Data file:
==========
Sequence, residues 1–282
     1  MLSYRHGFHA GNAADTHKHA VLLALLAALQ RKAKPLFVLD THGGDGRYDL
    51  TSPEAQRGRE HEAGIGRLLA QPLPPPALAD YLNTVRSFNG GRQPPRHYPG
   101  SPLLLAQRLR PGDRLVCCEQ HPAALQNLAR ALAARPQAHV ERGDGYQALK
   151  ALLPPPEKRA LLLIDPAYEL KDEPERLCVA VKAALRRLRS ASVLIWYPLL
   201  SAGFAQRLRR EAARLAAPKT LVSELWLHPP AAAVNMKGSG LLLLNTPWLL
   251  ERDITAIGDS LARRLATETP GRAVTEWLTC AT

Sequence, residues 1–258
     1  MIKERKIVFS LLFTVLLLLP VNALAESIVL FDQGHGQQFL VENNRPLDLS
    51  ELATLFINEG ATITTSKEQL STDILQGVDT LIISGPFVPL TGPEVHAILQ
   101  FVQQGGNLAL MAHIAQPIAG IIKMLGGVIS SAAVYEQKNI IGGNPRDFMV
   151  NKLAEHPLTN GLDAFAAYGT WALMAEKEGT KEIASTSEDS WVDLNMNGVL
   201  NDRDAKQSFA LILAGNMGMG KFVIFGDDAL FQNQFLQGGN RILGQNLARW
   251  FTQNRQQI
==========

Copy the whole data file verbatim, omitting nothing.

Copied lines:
Sequence, residues 1–282
     1  MLSYRHGFHA GNAADTHKHA VLLALLAALQ RKAKPLFVLD THGGDGRYDL
    51  TSPEAQRGRE HEAGIGRLLA QPLPPPALAD YLNTVRSFNG GRQPPRHYPG
   101  SPLLLAQRLR PGDRLVCCEQ HPAALQNLAR ALAARPQAHV ERGDGYQALK
   151  ALLPPPEKRA LLLIDPAYEL KDEPERLCVA VKAALRRLRS ASVLIWYPLL
   201  SAGFAQRLRR EAARLAAPKT LVSELWLHPP AAAVNMKGSG LLLLNTPWLL
   251  ERDITAIGDS LARRLATETP GRAVTEWLTC AT

Sequence, residues 1–258
     1  MIKERKIVFS LLFTVLLLLP VNALAESIVL FDQGHGQQFL VENNRPLDLS
    51  ELATLFINEG ATITTSKEQL STDILQGVDT LIISGPFVPL TGPEVHAILQ
   101  FVQQGGNLAL MAHIAQPIAG IIKMLGGVIS SAAVYEQKNI IGGNPRDFMV
   151  NKLAEHPLTN GLDAFAAYGT WALMAEKEGT KEIASTSEDS WVDLNMNGVL
   201  NDRDAKQSFA LILAGNMGMG KFVIFGDDAL FQNQFLQGGN RILGQNLARW
   251  FTQNRQQI